Q: What is a misconception about the Dayton controversy that you’d like this book to help correct?
A: The progressive faculty viewed the controversy through the lens of their academic freedom and their reading of what Vatican II called for. They were particularly influenced by authors such as Leslie Dewart and Teilhard de Chardin. For the conservative philosophy faculty, however, the primary issue was the need to accurately portray the teachings of the Catholic Church. The conservatives heard the progressives tell students that contraception, abortion and situation ethics were acceptable. Although the Church was debating contraception at the time, the conservatives had an unbending view of Church authority and believed the current teachings of the Church should be upheld. Another way to put it is that the conservatives were concerned about truth in advertising: a Catholic university should accurately portray Catholic teachings.
Using the academic freedom lens, one could argue that the Church, through the archbishop, infringed on the academic affairs of the university. However, there was no intervention by the archbishop in the affairs of the university. The book explains the multiple ways that the Church was involved behind the scenes and shows that the restraint of the archbishop and the Church overall were quite remarkable. Without this discretion, the outcome of the controversy could have been much different.
Q: What is one lesson you hope those at Catholic higher education institutions will take away from this narrative? What is one thing you hope all Catholics can take away from it?
A: The University of Dayton controversy continued to escalate because the faculty did not discuss things in a civil manner. At the time, there was no climate for academic debate. Neither the conservatives nor the progressives had a historical sense and an awareness of the binding authority of different teachings of the Church. The progressives and the university administration did not hear the pastoral concerns of the conservatives. When people hold deeply-felt concerns on moral issues, they are willing to do things that seem unimaginable to others, such as report their fellow faculty to the archbishop.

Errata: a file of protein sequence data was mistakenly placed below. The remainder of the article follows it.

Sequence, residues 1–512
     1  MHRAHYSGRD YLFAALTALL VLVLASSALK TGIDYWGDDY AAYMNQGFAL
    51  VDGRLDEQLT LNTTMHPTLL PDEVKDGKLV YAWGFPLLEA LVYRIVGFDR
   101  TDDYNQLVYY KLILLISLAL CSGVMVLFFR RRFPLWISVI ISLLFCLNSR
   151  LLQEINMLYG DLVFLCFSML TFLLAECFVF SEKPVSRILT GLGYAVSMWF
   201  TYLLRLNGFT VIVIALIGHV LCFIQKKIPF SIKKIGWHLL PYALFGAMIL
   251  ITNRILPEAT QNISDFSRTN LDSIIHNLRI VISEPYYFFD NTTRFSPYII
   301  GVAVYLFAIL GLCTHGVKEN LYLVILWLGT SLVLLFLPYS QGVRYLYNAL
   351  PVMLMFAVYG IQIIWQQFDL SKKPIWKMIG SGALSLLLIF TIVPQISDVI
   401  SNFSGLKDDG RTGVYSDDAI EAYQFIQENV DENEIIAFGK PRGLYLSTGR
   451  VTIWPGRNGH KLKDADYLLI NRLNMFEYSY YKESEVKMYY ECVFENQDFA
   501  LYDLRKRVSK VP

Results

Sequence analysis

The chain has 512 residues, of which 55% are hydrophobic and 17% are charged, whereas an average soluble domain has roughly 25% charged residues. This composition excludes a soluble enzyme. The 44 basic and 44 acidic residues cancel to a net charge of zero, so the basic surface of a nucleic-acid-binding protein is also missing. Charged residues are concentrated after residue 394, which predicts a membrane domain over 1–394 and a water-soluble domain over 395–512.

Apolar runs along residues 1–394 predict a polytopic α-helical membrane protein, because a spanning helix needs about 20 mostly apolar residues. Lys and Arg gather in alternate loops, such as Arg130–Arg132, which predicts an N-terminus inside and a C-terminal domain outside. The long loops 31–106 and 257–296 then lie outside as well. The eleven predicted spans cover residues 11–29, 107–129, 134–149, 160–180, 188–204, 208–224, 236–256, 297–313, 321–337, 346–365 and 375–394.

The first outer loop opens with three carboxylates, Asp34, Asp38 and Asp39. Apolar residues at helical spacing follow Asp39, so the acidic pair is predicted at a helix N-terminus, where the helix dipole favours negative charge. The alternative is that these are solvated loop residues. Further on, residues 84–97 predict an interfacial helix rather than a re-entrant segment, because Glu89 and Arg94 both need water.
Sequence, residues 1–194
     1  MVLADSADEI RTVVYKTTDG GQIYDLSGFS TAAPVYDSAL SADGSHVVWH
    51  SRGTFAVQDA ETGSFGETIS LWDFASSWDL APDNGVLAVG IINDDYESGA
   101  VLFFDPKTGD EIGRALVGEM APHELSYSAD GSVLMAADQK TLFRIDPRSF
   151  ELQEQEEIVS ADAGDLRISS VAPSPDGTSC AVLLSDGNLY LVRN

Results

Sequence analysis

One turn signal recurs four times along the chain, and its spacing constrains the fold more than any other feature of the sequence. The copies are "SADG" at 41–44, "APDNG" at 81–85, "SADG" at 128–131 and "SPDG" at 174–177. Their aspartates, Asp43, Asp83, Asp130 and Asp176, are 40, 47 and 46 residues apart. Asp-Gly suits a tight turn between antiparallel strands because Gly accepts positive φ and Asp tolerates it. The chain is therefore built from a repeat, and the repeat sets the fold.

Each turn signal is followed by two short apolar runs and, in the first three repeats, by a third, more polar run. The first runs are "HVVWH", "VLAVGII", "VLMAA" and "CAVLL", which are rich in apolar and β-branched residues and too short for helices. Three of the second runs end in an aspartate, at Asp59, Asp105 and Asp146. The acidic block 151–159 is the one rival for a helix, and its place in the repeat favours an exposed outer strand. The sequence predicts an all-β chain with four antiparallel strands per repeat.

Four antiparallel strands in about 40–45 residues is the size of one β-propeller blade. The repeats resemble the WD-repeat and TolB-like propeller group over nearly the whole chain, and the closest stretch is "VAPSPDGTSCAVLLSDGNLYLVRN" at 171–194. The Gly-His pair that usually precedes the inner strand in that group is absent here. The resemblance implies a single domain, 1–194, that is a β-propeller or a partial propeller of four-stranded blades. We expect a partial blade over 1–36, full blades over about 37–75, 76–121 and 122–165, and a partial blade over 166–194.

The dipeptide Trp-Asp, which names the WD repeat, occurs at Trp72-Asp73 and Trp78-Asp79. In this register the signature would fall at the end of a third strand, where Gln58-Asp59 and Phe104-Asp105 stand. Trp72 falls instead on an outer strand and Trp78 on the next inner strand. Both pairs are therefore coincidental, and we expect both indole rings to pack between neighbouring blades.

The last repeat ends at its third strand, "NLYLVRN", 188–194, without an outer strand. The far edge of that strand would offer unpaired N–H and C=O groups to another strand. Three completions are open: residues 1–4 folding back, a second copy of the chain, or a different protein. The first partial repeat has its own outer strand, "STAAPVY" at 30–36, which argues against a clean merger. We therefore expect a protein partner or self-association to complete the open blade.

Those in Catholic higher education should assume that the Church and its bishops are very interested in Catholic universities. Administrators should work with their local bishop to maintain a supportive relationship between the both the university and the Church.
Today, the Catholic Church continues to debate similar moral issues such as communion for politicians upholding abortion, homosexuality and same-sex marriage. Catholics must continue to debate the issues civilly and respectfully dissent, if necessary, keeping in mind the degrees of Church teaching authority. Some bishops do not hesitate to intervene publicly in matters of politics and Church teachings such as excommunication of politicians supporting abortion. The discretion shown in handling this controversy is an example for all levels of authority.